Fort Gibson honors top scholars

April 5 – Fort Gibson High School brings back a tradition of honoring top seniors.

The Red and White Scholars’ Banquet, a tradition that began in 2017, will be held at 6 p.m. Thursday at the Indian Capital Technology Center.

“This is an opportunity for us to honor the best scholars in the school system,” said Fort Gibson Superintendent Scott Farmer. “The high bar has been set, and we are thrilled with the number of seniors who have reached it.”

This year there are 16 Red Scholars. To be a Red Scholar, a student must have a 4.01 GPA or better and 25 or better on the ACT.

RED STUDENTS: Cayden Cooper, Grant Edwards, Zachary Hardy, Katie Hill, Mason Hopfer, Lane Howard, Elijah Johnston, Payden Kilgore, Sinjin Lowery, Kiercy Maxey, Landri Moydell, Joseph Neves, Sydney Taylor, Sydney Terry, Cody Walkingstick, Kamren Haws .

There are 22 white scholars. Students must have a cumulative GPA of 3.5 to 4.0 and score a 22 or higher on the ACT.

WHITE STUDENTS: Hagan Baccus, Garrett Abel, Jaxon Blunt, Hunter Bridges, Ethan Briggs, Kaitlyn Cerda Ortiz, Cade Clayton, Blane Cooper, Klaire Downey, Melody Evans, Eli Fillman, Aidin Floyd, Carson Garrett, Hannah Harrison, Jordan Hayes, James Kemble, Logan Milligan, Gentri Novotny, Aurora Peterson, Turner Pruitt, Lydia Schultz, Maycee Young.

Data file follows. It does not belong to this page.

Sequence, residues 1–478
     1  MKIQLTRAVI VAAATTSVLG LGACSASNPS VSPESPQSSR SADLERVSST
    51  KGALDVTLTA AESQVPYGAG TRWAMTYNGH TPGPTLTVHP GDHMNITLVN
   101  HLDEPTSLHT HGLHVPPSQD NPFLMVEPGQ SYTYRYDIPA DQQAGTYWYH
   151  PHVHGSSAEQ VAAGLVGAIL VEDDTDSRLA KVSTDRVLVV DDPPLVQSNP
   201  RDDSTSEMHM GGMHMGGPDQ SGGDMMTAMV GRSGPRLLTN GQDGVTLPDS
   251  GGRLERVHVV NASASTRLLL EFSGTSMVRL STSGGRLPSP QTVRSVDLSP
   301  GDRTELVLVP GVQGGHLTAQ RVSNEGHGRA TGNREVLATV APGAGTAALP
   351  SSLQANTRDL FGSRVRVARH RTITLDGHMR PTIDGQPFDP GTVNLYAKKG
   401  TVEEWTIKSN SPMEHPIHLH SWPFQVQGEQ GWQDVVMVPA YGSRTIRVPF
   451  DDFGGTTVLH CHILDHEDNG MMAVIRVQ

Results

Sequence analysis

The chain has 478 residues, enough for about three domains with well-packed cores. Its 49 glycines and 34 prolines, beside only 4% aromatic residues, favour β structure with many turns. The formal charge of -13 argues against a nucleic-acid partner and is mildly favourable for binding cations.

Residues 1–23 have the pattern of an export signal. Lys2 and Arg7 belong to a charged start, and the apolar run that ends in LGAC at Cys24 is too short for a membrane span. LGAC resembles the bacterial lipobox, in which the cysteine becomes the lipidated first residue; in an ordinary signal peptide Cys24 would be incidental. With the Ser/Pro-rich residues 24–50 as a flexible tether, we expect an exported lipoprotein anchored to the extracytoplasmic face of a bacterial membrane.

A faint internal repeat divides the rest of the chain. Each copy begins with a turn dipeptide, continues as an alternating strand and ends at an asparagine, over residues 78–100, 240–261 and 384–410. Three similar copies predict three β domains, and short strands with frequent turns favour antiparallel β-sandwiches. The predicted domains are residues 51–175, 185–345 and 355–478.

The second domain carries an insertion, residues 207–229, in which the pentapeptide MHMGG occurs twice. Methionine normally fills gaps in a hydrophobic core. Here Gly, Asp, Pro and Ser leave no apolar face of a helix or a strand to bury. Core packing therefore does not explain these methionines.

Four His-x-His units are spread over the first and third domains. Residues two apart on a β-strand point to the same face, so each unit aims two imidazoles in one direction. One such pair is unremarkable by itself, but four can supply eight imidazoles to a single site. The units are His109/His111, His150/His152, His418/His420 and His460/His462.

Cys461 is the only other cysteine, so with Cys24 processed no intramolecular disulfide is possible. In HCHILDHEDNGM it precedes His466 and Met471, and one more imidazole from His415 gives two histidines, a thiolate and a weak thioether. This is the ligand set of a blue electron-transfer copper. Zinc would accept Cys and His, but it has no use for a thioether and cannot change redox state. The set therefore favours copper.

Fort Gibson Teacher of the Year, Felicia Wallace of Middle Elementary School, will be honored, along with Site Teachers of the Year.

Scholars will honor their own influential professors, Farmer said. Each scholar must make a presentation to a special teacher.

Former TV presenter Sara Forhetz, a 2000 Fort Gibson graduate, will speak at Thursday’s banquet. The Springfield, Missouri resident is a speaker and Bible teacher. She spoke at the first banquet of the Red and White Scholars in 2017.

The banquet was discontinued in 2020 due to COVID-19 concerns.

High school principal Ben Pemberton said he was delighted “to once again have the opportunity to honor our students at a formal banquet.”

“It’s one of the highest honors we can bestow on our graduates,” he said. “I think having a banquet honors their achievement.”

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